The Next Page
What’s done is done; time to move on
Just when you think that you’ve done everything right. You worked hard. You got a good job. You kept at it. You provided for your family and even managed to stash away some savings. You can see the light of retirement at the end of the tunnel.
And then, POW!
It’s all gone in an instant. “It’s not your fault,” they told you. Cutbacks. Downsizing. Layoffs. Whatever they call it, it doesn’t matter. You’re over 50 and you’re out on the street without a job.
The first thing to do is to put it behind you. You can’t change what happened. You can’t go back. What’s done is done. No matter much you may not want to do it, you have to pick yourself up and start looking for a new position.
You can’t get down on yourself. If you do, it will show. And no one is going to want to hire a “sad sack.” You can’t run around pitching your tale of woe hoping for some sympathy. Oh, you might be able wreak as much sympathy as possible from those you meet but, in the end, it will make your situation worse. No one will hire you out of sympathy.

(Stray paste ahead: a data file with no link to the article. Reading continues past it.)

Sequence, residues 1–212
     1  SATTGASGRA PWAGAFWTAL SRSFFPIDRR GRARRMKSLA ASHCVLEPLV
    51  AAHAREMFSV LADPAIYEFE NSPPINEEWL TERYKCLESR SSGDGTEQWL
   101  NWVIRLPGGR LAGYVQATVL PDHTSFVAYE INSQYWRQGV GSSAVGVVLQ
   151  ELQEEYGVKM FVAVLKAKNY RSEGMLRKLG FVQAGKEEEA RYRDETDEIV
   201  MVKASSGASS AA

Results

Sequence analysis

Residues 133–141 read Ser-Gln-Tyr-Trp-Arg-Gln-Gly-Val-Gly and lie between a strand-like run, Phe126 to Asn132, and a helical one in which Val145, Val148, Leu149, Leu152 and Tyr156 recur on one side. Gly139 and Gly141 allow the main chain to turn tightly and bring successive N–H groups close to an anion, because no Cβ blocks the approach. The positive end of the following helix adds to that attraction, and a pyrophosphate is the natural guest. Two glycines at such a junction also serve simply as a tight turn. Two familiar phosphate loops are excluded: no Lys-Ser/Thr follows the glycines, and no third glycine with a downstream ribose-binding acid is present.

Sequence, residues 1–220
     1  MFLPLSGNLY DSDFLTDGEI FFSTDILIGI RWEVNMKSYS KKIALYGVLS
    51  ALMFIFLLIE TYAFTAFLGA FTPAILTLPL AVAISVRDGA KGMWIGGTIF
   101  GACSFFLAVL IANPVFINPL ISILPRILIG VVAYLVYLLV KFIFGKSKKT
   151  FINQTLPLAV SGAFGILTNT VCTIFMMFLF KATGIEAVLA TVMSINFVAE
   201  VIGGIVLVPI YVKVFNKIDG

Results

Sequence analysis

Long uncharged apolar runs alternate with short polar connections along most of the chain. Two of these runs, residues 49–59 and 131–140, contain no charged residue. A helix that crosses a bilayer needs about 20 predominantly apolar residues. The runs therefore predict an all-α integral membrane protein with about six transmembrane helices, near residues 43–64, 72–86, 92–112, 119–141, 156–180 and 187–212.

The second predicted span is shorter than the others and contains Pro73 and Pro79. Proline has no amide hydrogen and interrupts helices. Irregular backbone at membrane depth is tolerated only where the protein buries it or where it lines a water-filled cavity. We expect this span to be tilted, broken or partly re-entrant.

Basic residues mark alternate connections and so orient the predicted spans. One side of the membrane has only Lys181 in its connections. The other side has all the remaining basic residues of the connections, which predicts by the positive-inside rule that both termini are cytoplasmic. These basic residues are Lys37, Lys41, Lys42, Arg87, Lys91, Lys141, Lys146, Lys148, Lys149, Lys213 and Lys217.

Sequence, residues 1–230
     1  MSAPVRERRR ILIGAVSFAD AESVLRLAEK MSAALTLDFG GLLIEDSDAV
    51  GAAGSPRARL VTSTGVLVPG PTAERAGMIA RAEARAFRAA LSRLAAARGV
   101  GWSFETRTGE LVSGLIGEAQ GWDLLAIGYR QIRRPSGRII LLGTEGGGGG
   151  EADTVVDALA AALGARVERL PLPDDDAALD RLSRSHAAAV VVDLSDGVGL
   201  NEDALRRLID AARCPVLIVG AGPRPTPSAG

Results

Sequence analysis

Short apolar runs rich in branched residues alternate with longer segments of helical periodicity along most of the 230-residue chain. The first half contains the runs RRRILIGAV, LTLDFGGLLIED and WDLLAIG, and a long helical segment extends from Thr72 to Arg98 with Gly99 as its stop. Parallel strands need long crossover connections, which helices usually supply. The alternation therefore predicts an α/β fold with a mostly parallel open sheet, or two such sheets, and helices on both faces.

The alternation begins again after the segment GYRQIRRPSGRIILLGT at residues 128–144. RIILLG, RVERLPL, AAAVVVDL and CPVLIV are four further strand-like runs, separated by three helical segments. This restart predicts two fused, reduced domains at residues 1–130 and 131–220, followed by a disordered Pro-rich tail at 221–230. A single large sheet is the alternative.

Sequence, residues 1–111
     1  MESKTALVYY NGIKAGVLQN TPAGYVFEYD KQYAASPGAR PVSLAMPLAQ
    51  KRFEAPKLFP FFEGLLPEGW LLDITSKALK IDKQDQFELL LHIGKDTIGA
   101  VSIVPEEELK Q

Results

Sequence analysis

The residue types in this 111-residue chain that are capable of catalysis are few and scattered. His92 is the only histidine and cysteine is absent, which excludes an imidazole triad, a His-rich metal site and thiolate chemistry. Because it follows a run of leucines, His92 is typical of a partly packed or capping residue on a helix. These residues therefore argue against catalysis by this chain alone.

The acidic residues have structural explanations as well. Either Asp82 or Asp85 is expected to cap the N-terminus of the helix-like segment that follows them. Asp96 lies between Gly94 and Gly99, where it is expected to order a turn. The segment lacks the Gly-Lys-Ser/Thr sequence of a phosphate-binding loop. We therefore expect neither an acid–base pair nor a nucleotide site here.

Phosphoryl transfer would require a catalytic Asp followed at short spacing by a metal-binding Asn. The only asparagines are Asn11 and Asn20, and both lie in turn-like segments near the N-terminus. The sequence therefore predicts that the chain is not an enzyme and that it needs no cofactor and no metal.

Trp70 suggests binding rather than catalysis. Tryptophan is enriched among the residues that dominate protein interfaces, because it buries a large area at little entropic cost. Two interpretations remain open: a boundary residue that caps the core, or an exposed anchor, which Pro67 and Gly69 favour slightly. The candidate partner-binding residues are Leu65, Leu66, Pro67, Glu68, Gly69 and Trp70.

Is there any good news?
Of course, there is. This may be the best time to be looking for work in the past 30 or 40 years. And you have experience. Lots of it. You have a track record of being capable, reliable, etc., etc. You have and are offering what they want.
This doesn’t mean that some employer will go out of the way to hire you, but you’re well positioned. Do some introspection. Determine your strengths. Organize all that into a neatly-designed, well thought out resume. And hit the streets.
Quit looking in the rear view mirror. You’ll only see your next job looking forward through the windshield.